Letter from Red Dog

San Francisco News Letter/November 4, 1869

EDITOR NEWS LETTER:–I wrote you a couple of weeks ago from Mud Springs, and acknowledge the receipt of your kind invitation to stop it. This I have no intention at present of doing, as I have unlimited leisure and you charge nothing for publishing my letters. I had intended to remain long enough at Mud Springs to invent some more incidents for your paper, but the citizens somehow learned that I was connected with a San Francisco paper and recommended any place but that as a proper field for literary labor. So I came over here, where I mean to stay as long as I can conceal my ability to read and write, under the cloak of religion. If the secret gets out I shall have to seek a new sphere of usefulness, and my landlord will some morning wake to the consciousness that he is swindled out of a week’s board

The  principal topic of conversation here is old Joe Hopper’s baby It is now known who is the guilty party, but as Joe has already dispatched three of the Johnsons it is supposed he has a shrewd suspicion that the destroyer of his peace is in some way connected with the family. Time will tell, for old Joe shoots so as not to kill them instantly and then goes up to the prospect for a confession. He hasn’t struck any so far, but he is sure to get the right chap if he keeps on long enough.

A man was hung here yesterday under rather peculiar circumstances. The preacher at Missionary Gulch had been playing draw with him, and during the game took occasion to inform him that the church was very much in need of converts to keep up the interest and the contributions, and asked the stranger if he wouldn’t come over next evening and go through the motions of being born again. The fellow asked what was the denomination, and being informed that it was a Methodist congregation, he rose up and replied as follows: “Now look a here, parson. I’ve been a hardshell Baptist all my life, and I consider that an indecent proposal, I do.” And packing up the whisky bottle he smashed it over the head of the man of God and went off in a rage. Well, the parson’s flock went for him, and just as they were throwing the rope over a  limb the parson himself came up, wiping the blood off his head Said he: “Young man, what is your name; I want it for the coroner.” “Sam Smith, d—n you!” growled the doomed on. “Where are you from?” Jay County, Indiana.” At this the parson looked at him very hard and finally went up and shook him by the hand and cried a little. Then turning to the fellows, who were getting a little impatient at this kind of nonsense, “Boys,” said he, :this fellow is my brother,” and they embraced with tears in each other’s eyes. “Well, in that case,” said the deacon, who held the rop, “I suppose we shall have to let up on him.” “No,” said the parson, with a noble self-denial you would have not have looked for in one of his profession “I am a preacher of the Gospel, and a good law-abiding citizen I will not block the wheels of justice. Let the law take its course.” And they strung him up.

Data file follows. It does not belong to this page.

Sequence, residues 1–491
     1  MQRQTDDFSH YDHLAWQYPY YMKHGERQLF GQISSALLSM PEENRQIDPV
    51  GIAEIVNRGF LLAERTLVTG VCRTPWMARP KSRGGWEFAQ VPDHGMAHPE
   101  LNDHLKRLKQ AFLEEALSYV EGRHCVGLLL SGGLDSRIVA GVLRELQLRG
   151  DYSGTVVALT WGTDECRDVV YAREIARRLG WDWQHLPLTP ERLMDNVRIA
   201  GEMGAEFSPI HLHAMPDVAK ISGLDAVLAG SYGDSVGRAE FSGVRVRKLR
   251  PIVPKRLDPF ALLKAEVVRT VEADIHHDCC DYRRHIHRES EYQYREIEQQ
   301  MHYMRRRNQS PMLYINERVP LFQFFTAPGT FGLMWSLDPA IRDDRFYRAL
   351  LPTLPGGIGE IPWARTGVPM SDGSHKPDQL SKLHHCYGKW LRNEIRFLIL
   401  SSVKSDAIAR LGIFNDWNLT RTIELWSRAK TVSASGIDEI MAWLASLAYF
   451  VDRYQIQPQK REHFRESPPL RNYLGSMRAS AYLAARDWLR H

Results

(Source: California State Library, Microfilm Collection)